What should we listen to to get a feel for the different types of podcasts?

    Head over to our student training guide to find to a few great podcast examples before starting on your own.

    What are the rules for the NPR Student Podcast Challenge?

  • Your podcasts must be between three and 8 minutes long.
  • It must contain original work created by students.
  • Your podcast can include some original music. But be careful! (See contest rules here.)
  • Students attending a 2-year or 4-year university are eligible for this contest.
  • Read through the official rules, found here, before you begin working on a podcast.

    Do you have some tips on what music is allowed?

    This podcast challenge is about showcasing your work, and that's what we want to hear. We want to hear the creative ways you've found to share stories and illustrate ideas with sound.

    The legal rules for using music from the Web are complicated, and we'd never want a podcast to be disqualified because you used music you weren't allowed to.

    So here are some tips. Make sure your music is originally composed and performed. Can your school's marching band play an original composition throughout your podcast? Yes. Can that band play "Let It Go" or a rendition of music from the Beatles or Drake? No. The important thing here is to make sure your tune isn't copyrighted.

    How do students submit?

    Our submission form will open on Oct. 6, 2023 and close on Jan. 5, 2024. We'll add the correct link here when it opens.

    Before you enter via our submission form, you'll need to upload the podcast to Soundcloud and make it publicly viewable and downloadable, so our judges can listen.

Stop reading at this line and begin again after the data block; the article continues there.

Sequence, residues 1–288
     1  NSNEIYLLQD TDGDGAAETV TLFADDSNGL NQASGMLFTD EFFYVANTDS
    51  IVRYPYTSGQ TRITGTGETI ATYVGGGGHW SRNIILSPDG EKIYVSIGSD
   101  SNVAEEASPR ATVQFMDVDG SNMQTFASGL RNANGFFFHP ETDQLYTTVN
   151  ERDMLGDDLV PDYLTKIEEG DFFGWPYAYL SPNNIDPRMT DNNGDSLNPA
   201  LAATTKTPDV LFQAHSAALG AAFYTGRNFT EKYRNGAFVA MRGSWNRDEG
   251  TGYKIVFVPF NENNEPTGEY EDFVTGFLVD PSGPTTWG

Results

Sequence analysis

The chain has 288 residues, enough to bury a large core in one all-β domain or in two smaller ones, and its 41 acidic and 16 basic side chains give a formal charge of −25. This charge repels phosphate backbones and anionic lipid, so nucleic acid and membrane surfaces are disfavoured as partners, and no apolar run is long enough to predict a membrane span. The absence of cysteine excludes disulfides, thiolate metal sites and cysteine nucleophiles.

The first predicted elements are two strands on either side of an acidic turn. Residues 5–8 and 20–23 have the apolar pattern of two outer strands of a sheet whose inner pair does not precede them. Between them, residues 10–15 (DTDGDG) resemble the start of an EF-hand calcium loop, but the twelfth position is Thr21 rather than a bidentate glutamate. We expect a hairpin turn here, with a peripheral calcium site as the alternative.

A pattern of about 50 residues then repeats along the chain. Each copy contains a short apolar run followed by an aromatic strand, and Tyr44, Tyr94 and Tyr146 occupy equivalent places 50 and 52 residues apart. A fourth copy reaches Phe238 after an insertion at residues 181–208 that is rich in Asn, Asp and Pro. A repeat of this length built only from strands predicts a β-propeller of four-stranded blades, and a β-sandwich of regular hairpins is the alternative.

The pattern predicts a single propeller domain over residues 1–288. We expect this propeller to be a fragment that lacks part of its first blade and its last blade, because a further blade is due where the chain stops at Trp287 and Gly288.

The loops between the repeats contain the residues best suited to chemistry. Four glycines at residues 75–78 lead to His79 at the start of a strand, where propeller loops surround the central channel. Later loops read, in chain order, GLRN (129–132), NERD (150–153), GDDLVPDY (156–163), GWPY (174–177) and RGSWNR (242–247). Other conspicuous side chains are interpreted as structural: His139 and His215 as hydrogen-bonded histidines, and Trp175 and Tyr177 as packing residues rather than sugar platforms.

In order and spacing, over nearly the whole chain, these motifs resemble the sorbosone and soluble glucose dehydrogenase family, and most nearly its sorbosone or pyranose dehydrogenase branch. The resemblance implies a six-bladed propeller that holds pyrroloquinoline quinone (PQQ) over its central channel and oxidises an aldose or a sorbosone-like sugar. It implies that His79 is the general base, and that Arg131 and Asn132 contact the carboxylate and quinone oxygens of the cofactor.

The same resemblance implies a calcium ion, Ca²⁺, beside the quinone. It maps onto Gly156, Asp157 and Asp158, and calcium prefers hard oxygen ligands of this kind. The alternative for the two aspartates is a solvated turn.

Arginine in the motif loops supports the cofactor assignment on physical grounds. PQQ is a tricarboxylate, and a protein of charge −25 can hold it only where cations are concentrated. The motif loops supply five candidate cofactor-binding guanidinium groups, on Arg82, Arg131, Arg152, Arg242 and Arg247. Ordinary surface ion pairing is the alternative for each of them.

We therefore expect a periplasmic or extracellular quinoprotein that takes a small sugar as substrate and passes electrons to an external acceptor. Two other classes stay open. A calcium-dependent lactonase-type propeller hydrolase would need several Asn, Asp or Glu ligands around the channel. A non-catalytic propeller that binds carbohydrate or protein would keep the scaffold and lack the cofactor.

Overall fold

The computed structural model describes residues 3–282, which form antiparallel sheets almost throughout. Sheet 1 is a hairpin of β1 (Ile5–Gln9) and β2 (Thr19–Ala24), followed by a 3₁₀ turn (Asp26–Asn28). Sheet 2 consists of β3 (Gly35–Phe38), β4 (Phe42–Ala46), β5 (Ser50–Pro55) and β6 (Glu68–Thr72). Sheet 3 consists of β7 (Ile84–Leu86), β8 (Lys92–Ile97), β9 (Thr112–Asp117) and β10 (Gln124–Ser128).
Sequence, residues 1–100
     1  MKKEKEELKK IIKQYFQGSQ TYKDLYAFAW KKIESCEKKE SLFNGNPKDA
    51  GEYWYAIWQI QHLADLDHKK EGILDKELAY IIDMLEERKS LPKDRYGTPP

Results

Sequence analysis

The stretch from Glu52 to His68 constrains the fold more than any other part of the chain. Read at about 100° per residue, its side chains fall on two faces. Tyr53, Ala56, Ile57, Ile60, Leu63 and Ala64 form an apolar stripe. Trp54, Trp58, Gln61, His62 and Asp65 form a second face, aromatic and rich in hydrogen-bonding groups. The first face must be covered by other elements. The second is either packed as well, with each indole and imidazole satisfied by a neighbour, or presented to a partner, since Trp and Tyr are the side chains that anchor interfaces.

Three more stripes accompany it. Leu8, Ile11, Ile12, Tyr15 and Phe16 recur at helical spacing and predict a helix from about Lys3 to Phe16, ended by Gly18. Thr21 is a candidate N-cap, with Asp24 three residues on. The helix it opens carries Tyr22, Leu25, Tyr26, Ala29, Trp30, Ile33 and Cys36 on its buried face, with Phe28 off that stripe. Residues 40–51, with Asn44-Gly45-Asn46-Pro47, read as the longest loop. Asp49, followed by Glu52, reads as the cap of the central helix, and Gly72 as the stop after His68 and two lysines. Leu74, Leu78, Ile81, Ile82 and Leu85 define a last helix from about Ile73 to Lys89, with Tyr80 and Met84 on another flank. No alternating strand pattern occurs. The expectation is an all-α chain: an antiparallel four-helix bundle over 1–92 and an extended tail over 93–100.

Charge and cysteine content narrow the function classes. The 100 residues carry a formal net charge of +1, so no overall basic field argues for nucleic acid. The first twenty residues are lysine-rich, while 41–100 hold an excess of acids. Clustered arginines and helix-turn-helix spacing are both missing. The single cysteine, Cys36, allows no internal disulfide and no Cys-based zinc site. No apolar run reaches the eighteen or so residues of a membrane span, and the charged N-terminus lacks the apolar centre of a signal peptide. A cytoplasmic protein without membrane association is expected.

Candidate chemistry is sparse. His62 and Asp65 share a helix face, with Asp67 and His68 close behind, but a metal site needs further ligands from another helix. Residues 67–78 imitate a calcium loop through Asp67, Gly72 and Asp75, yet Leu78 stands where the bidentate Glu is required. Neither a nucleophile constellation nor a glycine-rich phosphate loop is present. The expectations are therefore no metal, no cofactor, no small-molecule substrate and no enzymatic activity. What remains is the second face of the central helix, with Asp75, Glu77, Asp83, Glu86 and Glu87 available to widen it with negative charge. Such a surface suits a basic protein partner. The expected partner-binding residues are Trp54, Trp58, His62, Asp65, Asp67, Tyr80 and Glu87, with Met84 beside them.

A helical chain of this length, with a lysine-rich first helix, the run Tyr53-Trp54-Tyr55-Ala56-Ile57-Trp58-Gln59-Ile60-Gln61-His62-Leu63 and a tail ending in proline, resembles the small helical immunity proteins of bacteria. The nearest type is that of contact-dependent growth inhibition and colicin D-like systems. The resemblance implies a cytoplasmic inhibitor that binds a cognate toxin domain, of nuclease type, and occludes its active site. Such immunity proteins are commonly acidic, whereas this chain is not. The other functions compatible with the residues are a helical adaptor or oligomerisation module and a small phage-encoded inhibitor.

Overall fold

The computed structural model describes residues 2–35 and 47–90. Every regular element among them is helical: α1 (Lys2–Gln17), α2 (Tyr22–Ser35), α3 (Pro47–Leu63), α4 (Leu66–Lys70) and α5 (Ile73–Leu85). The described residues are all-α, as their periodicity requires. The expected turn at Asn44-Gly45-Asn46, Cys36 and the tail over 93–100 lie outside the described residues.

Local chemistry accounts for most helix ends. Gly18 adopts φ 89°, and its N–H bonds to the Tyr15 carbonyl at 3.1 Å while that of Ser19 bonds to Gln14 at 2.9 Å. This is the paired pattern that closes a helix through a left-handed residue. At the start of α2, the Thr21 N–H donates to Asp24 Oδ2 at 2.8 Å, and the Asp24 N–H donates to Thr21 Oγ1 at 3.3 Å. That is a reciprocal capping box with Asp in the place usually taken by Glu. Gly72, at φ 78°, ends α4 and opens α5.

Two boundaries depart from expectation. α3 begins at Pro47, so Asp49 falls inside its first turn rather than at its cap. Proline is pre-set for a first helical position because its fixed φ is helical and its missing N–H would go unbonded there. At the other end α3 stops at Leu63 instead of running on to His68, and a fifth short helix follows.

(Need help putting the podcast on Soundcloud and changing the privacy settings? Find guidance hereand here.)

    Can professors help with the writing, editing or production?

    No. The goal is for the contest to represent original student work. Professors can teach about writing, and editing, but the actual podcast entry should represent original creations by students.

    Is there a minimum or maximum number of students that can work on a podcast?


    I'm a professor. What sorts of resources can I use as my class creates a podcast for this contest?

    Our resource guide for teachers is full of information for educators, whether you're leading a class in podcasting or advising an extracurricular group. The guide is currently tailored to younger students, but we'll be rolling out more info for college students in the coming weeks.

    Can my local member station be involved?

    Your local NPR member station could be a fun and helpful resource. They might be able to schedule a tour or field trip to learn about radio and podcast production and see how a radio station works. Remember, though, they can't help you with your podcast — it has to be your original work.

    I'm taking classes remotely right now. Can I still enter the NPR Student Podcast Challenge: College Edition?

    Yes! Making a podcast from home is totally possible, we even wrote a guide for it.